I have already written about the players with walk to strikeout ratios (BB/K) greater than or equal to 1.00 for 2017 and relatively (depending on your definition of the word) recently created a dashboard showing the MLB history of this feat so I guess it only make sense for me to write a post about who has joined this club following the 2018 season. I really did not intend for this to be a primary topic I would be covering on this blog, but I feel like it is my job at this point to continue to keep you updated on this subject. I really do not want to let all six (approximate guess) of my readers down. That said, I do find the topic interesting (or else I would not be doing this) as players with great plate discipline are a rare occurrence in today’s game and it might help me uncover some underrated players in my deeper fantasy leagues. The following post will highlight all the qualified batters who have been added as well as address the unqualified batters added who I deem interesting enough to write about.
Note: The number in parenthesis next to a player’s name indicates the number of seasons where they have met this criteria.
For the 2018 season, there were a total of 30 player seasons added to the list seasons with a BB/K of at least 1.00. Of those 30, three of the batters have already had a season that qualified them for the board. They are Joey Votto (4) , Dustin Pedroia (6), and 2018 Cy Young Award winner Blake Snell (3). Additionally, of the 30, only four of the batters who qualified for the batting title also met my requirement: Joey Votto, Alex Bregman (1), Jose Ramirez (2), and Carlos Santana (3). This is an interesting foursome of hitters containing three 2018 All Stars, most likely two top 6 finishers in 2018 AL MVP voting, and Carlos Santana.
Despite a relatively down year for Votto (second lowest WAR, 3.5, behind 2014, 0.8), he managed to appear on this list again, which highlights his impressive batting eye. In addition, this is his second year in a row completing this feat while qualifying for the batting title. I was actually shocked to see that this was only his fourth season in my dashboard as he is known for his control of the strike zone and ability to draw walks. He loves walking so much that after his baseball career is over, he wants to be able to assist others with their own walking.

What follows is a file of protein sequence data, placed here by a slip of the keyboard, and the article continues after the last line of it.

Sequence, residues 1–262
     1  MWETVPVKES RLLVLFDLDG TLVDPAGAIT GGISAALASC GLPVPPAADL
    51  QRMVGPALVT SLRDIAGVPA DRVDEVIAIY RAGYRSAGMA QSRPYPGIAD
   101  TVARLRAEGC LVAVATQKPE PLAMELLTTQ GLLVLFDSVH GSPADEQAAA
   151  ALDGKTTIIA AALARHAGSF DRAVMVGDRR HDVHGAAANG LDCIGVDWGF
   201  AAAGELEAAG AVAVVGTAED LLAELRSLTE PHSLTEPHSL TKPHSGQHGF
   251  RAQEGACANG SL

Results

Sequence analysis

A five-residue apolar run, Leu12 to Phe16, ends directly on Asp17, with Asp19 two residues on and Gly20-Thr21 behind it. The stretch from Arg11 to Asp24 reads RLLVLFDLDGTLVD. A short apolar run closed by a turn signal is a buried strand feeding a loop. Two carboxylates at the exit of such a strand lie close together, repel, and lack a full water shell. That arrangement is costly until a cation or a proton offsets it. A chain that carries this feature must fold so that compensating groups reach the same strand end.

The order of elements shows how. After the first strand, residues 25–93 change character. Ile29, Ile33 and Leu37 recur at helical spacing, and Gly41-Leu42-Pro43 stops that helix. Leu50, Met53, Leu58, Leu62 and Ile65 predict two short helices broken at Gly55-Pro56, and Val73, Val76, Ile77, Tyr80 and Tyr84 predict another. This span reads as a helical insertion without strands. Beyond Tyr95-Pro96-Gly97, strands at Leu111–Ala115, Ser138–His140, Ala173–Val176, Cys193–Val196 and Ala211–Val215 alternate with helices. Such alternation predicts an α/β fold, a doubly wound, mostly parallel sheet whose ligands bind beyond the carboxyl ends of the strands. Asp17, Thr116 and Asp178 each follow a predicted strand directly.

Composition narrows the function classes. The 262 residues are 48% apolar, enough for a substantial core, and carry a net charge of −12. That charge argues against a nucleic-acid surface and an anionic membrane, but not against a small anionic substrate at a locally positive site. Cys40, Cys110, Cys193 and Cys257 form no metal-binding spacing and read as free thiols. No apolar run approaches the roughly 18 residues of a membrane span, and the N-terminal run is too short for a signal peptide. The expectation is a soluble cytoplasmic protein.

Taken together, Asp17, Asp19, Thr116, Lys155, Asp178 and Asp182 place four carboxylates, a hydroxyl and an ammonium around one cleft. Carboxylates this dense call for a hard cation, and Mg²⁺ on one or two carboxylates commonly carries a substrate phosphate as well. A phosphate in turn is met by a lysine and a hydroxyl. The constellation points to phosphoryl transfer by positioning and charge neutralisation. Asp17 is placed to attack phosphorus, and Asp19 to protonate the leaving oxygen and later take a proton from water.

It is possible I might be short sighted in my thinking due to unhealthy years from Jose Altuve and Carlos Correa, but I feel that Bregman might be the best player on the Astros. He was number #7 on Fangraphs 2018 Mid season Trade value series, albeit Correa was #5, which is great, but I was expecting him to be higher up. He and Mookie Betts, who I am surprised was not in this group considering the year he had, were the main reasons I cashed in my AL only fantasy league (Note: this is probably the reason I ambiased). He does everything well, will just be turning 25 at the start of next season, and nothing in his 2018 profile jumps out to me as being a fluke. If you are the Astros, or someone who owns him in a keeper/dynasty league, you are probably very excited about the future.
The most valuable player in baseball from Fangraph’s 2018 mid season trade value series is Jose Ramirez. Every year he has been in the league, he has continued to improve and will only be 26 at the start of next season. The Indians were very smart to ink him to his current extension when they did as he has gone on to post back to back seasons worthy of being in the top 3 of AL MVP voting. His overall profile from 2018 looks very sustainable as well indicating another strong season next year. The only other time Ramirez made this list was in 2013 where he managed two walks and two strikeouts in 15 plate appearances (PA).